Pi Day 2018

March 14. – Three students arrived on the third floor at 11:00 am, marking the very beginning of the massive line that would soon wind around the entire hallway. By 11:15, the hallway was jam-packed with Community High School students, all ready to get the piece of pie that had caught their eye. Organized by both Anne Thomas and Craig Levin, Pi Day is a day of celebration for the scientific constant, Pi.

This year, the pie choices were multitudinous. Choices ranged from Apple to Chocolate, to Peanut Butter and Pecan, all glistening under the light from the third floor window. This year, there was a heavier emphasis on homemade pies, instead of the store bought kind.

“One time, my sophomore year, I saw a kid eat fourteen pieces of pie,” Dylan Hearn, Community Senior, claims. “But it was free pie so he really went for it. I feel like that sums up my feelings for Community High Pi Day.” The students were quick to devour the mountains of pies.

Even those who don’t favor the taste of pie can enjoy the sight of all of the whole school sharing a meal. It’s a beautiful representation of what can happen when students and teachers come together. At some other Ann Arbor high schools, pie is reserved for those of whom can recite the most digits of Pi, but at Community, everyone can share in the food and the fun.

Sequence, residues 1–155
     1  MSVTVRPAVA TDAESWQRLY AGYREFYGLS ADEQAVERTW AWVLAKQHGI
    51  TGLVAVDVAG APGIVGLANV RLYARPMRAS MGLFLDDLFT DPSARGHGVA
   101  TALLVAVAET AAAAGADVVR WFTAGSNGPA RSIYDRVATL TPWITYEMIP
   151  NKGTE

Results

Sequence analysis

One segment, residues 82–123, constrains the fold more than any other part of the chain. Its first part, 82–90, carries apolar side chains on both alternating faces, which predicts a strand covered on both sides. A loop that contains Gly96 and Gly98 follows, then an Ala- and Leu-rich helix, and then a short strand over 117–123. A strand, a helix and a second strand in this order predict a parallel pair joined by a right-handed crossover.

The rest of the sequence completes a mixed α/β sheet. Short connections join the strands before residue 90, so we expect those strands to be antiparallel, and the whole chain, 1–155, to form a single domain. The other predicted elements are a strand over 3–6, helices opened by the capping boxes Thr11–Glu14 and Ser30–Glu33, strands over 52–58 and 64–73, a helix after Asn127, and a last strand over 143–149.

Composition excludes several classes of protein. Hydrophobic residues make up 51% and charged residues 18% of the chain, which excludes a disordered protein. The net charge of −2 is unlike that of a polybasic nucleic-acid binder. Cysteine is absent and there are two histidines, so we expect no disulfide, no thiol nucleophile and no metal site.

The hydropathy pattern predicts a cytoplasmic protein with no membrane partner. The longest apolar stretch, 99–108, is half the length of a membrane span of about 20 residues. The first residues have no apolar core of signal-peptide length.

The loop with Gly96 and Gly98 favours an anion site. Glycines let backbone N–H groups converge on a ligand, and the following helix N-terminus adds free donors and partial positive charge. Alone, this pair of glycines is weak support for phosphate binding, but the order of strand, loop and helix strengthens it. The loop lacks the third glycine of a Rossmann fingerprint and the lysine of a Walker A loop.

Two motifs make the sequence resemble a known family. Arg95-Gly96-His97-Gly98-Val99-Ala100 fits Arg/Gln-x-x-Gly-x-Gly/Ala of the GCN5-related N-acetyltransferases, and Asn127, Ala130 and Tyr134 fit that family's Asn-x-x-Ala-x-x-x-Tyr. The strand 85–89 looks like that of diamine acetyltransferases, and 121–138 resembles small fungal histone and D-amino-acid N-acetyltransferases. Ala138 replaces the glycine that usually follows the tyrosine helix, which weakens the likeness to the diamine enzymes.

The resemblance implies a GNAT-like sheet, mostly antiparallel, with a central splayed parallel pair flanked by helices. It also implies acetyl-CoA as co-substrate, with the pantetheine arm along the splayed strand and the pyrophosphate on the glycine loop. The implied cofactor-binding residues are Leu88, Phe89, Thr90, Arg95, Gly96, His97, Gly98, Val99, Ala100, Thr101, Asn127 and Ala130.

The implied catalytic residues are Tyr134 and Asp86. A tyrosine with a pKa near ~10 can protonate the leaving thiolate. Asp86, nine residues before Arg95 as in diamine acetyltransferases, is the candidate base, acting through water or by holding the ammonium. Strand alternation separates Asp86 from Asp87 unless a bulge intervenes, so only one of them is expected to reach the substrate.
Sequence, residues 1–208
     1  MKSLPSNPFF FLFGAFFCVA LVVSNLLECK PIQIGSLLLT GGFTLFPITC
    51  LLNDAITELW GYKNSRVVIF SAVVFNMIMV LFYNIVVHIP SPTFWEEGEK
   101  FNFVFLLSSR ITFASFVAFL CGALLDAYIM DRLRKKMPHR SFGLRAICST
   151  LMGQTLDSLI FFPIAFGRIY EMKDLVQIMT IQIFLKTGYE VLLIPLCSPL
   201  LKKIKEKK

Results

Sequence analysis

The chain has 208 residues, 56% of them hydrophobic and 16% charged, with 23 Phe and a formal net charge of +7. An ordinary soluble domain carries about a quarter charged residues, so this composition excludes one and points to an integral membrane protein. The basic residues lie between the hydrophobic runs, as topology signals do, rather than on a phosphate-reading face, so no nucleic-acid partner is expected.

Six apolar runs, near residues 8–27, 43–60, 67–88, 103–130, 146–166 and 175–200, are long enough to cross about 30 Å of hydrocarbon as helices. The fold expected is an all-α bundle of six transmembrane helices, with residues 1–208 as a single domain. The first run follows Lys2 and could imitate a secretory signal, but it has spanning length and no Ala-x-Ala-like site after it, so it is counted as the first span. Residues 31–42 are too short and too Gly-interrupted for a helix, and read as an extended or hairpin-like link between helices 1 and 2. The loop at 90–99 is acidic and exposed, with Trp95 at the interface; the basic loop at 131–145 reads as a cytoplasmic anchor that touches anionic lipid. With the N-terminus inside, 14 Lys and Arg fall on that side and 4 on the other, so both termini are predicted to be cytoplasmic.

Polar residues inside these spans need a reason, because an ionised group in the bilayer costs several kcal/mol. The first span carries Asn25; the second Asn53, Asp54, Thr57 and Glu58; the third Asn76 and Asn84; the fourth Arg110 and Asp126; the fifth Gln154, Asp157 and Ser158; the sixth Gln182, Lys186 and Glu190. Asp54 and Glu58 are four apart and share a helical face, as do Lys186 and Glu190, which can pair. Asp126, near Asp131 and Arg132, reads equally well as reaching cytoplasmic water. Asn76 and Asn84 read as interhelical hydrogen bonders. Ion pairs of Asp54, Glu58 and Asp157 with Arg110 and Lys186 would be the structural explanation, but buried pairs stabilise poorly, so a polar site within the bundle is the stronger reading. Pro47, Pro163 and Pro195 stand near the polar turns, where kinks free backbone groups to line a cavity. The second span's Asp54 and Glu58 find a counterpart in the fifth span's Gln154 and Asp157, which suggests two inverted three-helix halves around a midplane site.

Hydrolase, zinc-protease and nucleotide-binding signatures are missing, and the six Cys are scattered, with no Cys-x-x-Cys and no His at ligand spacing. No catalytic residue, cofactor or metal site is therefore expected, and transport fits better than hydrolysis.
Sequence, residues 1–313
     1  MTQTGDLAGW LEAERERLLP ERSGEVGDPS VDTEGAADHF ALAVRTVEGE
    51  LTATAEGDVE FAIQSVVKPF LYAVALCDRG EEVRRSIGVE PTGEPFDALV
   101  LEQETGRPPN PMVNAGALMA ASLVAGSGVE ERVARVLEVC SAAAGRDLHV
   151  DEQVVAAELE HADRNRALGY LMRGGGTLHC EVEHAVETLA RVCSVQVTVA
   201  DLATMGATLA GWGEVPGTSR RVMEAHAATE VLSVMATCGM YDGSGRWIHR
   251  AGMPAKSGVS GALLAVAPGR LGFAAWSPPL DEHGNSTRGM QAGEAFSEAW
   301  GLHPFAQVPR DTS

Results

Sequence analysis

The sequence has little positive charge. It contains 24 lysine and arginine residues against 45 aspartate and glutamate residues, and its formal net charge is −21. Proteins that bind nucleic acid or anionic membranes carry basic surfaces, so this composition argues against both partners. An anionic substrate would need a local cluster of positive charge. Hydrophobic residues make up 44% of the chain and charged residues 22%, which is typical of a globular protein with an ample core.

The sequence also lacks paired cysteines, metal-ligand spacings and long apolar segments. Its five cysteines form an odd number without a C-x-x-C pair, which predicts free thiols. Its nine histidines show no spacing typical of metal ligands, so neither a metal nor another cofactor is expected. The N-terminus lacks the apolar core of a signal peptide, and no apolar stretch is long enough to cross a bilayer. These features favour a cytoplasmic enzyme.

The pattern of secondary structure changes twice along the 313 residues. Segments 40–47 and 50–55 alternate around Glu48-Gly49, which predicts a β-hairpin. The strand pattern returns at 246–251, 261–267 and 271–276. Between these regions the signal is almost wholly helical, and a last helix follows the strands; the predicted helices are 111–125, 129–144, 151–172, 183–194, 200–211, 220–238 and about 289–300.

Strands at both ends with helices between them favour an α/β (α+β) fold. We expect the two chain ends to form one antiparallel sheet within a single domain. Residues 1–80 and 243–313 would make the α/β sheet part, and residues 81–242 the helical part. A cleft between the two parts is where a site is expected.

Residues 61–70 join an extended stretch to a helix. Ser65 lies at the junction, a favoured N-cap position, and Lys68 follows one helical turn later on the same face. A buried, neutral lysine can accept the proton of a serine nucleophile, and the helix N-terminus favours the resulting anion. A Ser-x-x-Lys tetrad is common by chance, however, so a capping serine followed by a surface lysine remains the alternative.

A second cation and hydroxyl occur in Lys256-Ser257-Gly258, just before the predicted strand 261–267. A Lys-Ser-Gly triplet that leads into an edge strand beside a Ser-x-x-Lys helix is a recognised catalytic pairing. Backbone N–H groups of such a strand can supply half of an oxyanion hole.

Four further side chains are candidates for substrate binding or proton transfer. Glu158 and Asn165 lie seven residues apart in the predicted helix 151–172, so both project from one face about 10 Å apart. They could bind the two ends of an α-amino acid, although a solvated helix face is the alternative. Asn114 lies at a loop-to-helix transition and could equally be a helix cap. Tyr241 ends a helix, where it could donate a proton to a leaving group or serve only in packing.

“I fully support Pi day for the people who like pie,” said Grace York, Community High Senior. “However, I am not one of those people. I find pie dry and disgusting. But I think it’s fun for the novelty of it. It’s very ‘Community-esque.’ And even though it’s a pretty disorganized thing that people kind of just go along with, it’s one of those traditions that just has to happen.”


As lunch winded down, the students slowly dispersed and the pies shrunk to single-slices. Maneesha Mankad, Community High math teacher, stood solemnly behind the apple pies, enjoying the sight of her students conversing and joking. Pie, her favorite dessert, is not only delicious and moist, but helps her students understand her math lessons to a higher degree.

“We teach Trig around this time of the year, so what’s really cool is that Pi and radians can all be talked about in terms of pie,” said Mankad. “And it begins to make more sense for students because we get to talk in terms of pie. It’s something that is fun and relatable.”

The 2018 Community High Pi Day was a major success; finishing up with less waste than past years, students smiling from the delicious pie and extra credit, and whole leftover pies going to anyone who asks.